It was also lovely to meet our chair of trustees, Faizal, at the ball. We talked with him about the campaigns we are working on and he and I reminisced about our medic days and Apna NHS, the organisation for south Asian healthcare professionals. I also want to give a huge shout out to Laura, Natalie and the rest of SIA’s volunteer team, for the astounding job they did in getting over 700 people into a room and actually making it all look like smooth sailing. Amazing! I even met a school mate from years ago, on the dance floor, who has since become a friend! It goes to prove that it really is a small world.


Last week Glyn and I were back in Westminster: we are there so regularly we are thinking of leasing a meeting room there rather than having to get passes each time! This time it was for the Extraordinary General Meeting for the All-Party Parliamentary Group on spinal cord injuries. Following the rule changes from the Office of the Parliamentary Commission, APPGs now need four officers and twenty members (all Parliamentarians from both the House of Commons and the House of Lords). We had to employ every diplomatic, persuasive, and negotiating skill we had, and in some cases call in favours from former premiers, to get to the magic numbers. APPGs are an important voice for the public, in the corridors of power, to discuss the various issues we face in our day to day lives as an impact of Parliament’s policies or lack of, so being able to continue means we still have a vital pipeline directly to MPs. SIA and the work it does is suddenly quite well known in Westminster circles, and we are building more strategic relationships across both Houses, which is brilliant.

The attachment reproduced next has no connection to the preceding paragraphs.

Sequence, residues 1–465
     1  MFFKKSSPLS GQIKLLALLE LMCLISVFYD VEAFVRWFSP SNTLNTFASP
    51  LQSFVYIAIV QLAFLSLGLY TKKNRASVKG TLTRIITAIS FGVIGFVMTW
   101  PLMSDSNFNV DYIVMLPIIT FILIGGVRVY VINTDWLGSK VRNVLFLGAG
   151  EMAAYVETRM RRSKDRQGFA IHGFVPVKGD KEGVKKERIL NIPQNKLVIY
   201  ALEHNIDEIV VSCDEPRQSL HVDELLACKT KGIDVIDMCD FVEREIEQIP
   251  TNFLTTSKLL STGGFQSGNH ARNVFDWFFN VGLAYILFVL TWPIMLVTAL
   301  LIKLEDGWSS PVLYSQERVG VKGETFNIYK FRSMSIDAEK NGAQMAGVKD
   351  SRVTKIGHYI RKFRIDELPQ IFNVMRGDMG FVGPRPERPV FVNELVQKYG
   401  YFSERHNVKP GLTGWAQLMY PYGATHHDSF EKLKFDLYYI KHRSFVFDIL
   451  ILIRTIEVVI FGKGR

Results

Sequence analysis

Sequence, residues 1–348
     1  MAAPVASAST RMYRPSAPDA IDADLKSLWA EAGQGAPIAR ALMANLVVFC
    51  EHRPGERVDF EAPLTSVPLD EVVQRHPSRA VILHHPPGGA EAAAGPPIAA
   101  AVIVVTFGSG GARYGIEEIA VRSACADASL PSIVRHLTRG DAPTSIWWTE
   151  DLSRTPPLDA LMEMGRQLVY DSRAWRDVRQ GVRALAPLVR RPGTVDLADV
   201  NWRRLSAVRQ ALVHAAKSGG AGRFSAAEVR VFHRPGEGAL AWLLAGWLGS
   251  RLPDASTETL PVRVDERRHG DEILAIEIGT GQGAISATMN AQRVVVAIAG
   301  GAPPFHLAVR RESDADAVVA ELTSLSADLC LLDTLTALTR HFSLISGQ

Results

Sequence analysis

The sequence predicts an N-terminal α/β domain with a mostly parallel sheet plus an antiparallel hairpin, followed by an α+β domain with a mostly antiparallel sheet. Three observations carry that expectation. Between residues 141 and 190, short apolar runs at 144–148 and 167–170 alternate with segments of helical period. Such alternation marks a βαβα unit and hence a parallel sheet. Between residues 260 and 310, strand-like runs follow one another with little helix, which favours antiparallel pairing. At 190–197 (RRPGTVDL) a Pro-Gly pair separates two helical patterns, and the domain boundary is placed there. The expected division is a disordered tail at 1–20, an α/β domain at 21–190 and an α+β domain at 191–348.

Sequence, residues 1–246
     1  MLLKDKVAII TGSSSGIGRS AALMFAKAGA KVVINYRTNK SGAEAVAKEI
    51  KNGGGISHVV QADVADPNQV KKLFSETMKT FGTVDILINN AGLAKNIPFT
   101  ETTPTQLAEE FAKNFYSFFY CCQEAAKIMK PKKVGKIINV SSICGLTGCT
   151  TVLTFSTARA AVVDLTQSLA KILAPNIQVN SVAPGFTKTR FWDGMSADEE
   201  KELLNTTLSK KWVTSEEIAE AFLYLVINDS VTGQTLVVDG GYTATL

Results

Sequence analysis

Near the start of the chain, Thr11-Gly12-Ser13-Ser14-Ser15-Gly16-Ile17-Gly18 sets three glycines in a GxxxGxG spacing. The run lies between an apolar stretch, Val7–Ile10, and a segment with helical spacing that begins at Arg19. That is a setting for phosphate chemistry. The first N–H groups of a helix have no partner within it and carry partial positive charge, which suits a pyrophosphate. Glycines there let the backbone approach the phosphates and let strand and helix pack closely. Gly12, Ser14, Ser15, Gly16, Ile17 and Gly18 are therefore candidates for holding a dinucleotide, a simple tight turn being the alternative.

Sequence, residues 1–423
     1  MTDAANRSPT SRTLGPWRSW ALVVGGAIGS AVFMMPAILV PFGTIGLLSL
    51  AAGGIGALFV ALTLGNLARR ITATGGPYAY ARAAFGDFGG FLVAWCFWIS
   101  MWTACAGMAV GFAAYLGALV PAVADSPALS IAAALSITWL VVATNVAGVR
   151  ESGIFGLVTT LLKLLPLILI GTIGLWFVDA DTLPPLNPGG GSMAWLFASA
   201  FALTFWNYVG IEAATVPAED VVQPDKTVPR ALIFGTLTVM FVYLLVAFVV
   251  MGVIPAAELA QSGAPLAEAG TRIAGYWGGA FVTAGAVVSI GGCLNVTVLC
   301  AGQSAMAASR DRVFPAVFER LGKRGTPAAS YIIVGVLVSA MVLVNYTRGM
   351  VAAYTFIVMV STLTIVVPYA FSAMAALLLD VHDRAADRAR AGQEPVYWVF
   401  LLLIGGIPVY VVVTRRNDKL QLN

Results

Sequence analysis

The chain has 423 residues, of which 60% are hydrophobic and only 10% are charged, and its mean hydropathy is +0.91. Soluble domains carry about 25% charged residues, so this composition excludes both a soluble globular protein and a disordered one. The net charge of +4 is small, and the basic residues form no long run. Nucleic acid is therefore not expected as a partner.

Other news
We are working with the NHS’s Race and Health Observatory and other wider charities to look at the health inequalities that people with disabilities as well as those with disabilities and other intersectional factors, like gender and race, face in the healthcare system. This is an extension of our campaign for women with spinal cord injuries to be able to access screening tests, and the work we are doing to change the guidance on the diagnosis and treatment of pressure ulcers to include the difference in colour changes and what to look for, when it comes to non-Caucasian skin tones.

We are negotiating with officials and MPs to have a debate on the neurogenic bowel care situation across the country, either at Westminster Hall or as an adjournment debate.

We are organising the first task force meeting on women’s health for mid to late spring. For those who want to know more about our task force and the members, please read our campaigns blog for January

We are in the midst of sending out invites, negotiating various details with the Speaker’s office, and briefing the Speaker for SIA’s 50th year event which we are organising at the Speaker’s apartment to raise awareness of spinal cord injury.

As always, we have a lot going on in the campaigns team, but we have a lot of fun doing our jobs and it is very rewarding too. As Glyn asked me, whilst we took another walk down Embankment, as we were too early to clear security, “Do you miss the hustle and bustle of your old jobs?”. My honest response was “Yes, maybe sometimes I might do, but I am enjoying being on the other side, looking in, and using what experience and knowledge I have gained, to make a difference to at least one vulnerable person is what makes it worthwhile.” We both agreed on that.

Once again, a huge thank you to all our colleagues from across the organisation who have never hesitated to support, help or be patient with us; enabling us to keep going. You know who you are. 😊


Dharshana and Glyn